When you are placed on the waitlist, you should absolutely communicate directly with the law school upon receiving this news.  Again, you should thank them for their continued consideration and reiterate your interest in their law school (and why).  However, do not inundate the law school with correspondence and/or additional materials.  In fact, most law schools will let you know in the waitlist correspondence what, if anything, they would find helpful from you as a waitlisted candidate in the coming months.  Read that material carefully and, if a law school communicates that it doesn’t want any additional information from you (and some won’t), please take the Committee at its word and follow its instructions.  It is important to keep your file active with any updates in the subsequent weeks and months, but if you are contacting an Admissions Office more frequently than once a month, please stop – enthusiasm, not desperation, is valued by law schools.

3. You have not heard anything from a law school since your application was completed.
Unfortunately, this can be a fairly common occurrence and, as I mentioned, it’s often the most frustrating of the waiting scenarios.  If you have submitted and completed your applications on time, you can assume that law schools have already read and evaluated your application and, for some reason, have not yet acted on a decision.  More than likely, you are on some form of an internal Hold and, unlike being placed formally on Hold, that particular law school does not maintain an official, public Hold category.  With that in mind, you can certainly reach out to a law school with any substantive updates to your application (e.g., Fall grades, new job, awards earned, new community service project) in the interim.  But again, keep any communication with Admissions Committees positive, meaningful, and no more frequently than once a month.  I mean it.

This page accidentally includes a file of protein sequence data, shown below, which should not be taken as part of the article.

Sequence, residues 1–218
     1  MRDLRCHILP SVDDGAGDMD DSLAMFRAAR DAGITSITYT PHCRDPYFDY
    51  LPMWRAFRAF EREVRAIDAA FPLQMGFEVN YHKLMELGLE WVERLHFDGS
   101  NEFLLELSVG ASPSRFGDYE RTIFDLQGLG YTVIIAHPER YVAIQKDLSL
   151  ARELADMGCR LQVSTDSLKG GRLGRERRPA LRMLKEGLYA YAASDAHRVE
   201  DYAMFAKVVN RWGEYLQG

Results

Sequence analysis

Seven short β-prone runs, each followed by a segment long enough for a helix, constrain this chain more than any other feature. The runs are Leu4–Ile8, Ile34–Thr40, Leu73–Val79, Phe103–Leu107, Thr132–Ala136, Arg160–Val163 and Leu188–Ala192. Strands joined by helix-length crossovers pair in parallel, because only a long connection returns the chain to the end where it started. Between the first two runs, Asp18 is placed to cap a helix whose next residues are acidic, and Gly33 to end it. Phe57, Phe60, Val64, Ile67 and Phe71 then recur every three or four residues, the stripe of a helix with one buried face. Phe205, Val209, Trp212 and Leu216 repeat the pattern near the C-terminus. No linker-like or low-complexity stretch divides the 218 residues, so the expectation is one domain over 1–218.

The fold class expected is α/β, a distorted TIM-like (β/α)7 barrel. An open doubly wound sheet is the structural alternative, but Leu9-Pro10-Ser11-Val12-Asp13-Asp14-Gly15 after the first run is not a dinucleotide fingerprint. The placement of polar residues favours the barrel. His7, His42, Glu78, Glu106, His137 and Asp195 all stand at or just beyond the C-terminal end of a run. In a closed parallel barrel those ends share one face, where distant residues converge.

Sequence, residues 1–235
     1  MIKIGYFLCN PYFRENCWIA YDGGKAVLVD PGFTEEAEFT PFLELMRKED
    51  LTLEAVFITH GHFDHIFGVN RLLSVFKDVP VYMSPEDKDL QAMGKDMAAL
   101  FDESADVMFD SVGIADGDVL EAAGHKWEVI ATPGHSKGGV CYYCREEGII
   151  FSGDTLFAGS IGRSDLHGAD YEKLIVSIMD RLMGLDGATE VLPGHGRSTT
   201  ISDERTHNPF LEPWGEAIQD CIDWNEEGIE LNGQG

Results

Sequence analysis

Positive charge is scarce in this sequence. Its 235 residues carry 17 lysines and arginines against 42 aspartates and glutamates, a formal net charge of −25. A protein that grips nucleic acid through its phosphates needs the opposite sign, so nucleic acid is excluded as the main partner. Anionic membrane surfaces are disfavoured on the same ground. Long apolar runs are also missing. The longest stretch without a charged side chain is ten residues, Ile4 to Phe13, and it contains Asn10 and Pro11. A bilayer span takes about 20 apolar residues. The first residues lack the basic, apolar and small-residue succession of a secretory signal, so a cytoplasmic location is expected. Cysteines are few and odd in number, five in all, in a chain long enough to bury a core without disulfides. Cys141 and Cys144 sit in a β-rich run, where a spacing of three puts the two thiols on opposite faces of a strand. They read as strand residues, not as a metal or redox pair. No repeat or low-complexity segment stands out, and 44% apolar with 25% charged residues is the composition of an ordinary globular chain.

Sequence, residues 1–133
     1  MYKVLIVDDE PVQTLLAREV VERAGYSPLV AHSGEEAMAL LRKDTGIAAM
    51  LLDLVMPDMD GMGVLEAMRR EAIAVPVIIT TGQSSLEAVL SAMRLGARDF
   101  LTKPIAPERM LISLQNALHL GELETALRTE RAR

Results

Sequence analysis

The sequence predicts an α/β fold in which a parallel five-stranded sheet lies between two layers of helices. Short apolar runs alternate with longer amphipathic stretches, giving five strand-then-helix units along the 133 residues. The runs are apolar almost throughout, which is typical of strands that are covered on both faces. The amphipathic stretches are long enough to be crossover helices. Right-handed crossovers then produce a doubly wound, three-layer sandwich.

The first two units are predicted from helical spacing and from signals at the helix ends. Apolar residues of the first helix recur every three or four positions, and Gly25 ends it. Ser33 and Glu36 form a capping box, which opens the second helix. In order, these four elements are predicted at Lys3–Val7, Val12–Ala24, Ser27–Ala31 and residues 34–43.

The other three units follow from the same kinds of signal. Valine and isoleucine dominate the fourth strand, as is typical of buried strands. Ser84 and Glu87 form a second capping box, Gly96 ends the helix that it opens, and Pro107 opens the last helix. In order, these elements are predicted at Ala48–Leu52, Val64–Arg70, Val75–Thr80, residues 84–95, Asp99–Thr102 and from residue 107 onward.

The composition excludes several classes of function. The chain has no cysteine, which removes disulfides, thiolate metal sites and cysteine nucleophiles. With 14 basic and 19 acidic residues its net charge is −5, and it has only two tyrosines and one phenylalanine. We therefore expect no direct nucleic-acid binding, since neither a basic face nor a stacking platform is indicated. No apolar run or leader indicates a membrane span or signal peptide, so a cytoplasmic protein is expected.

So, if you do find yourself in any one of these three situations – take a deep breath, continue to keep your file active, and stay positive.  Especially as the application volume at many law schools continues to shrink, not receiving an immediate acceptance does not at all mean an eventual rejection.  However, it’s important that enthusiastic, proactive heads prevail while you’re waiting and that you resist your frustrated, impatient, stalker-like urges.  Remember, you’re still making an impression on law school admissions committees.  And besides, we both know you’re better than that. 🙂

Author: Todd

Todd Rothman is the Senior Associate Director of Graduate and Professional School Advising in Career Services, working with pre-law, pre-health, and pre-grad (psychology) students and alumni.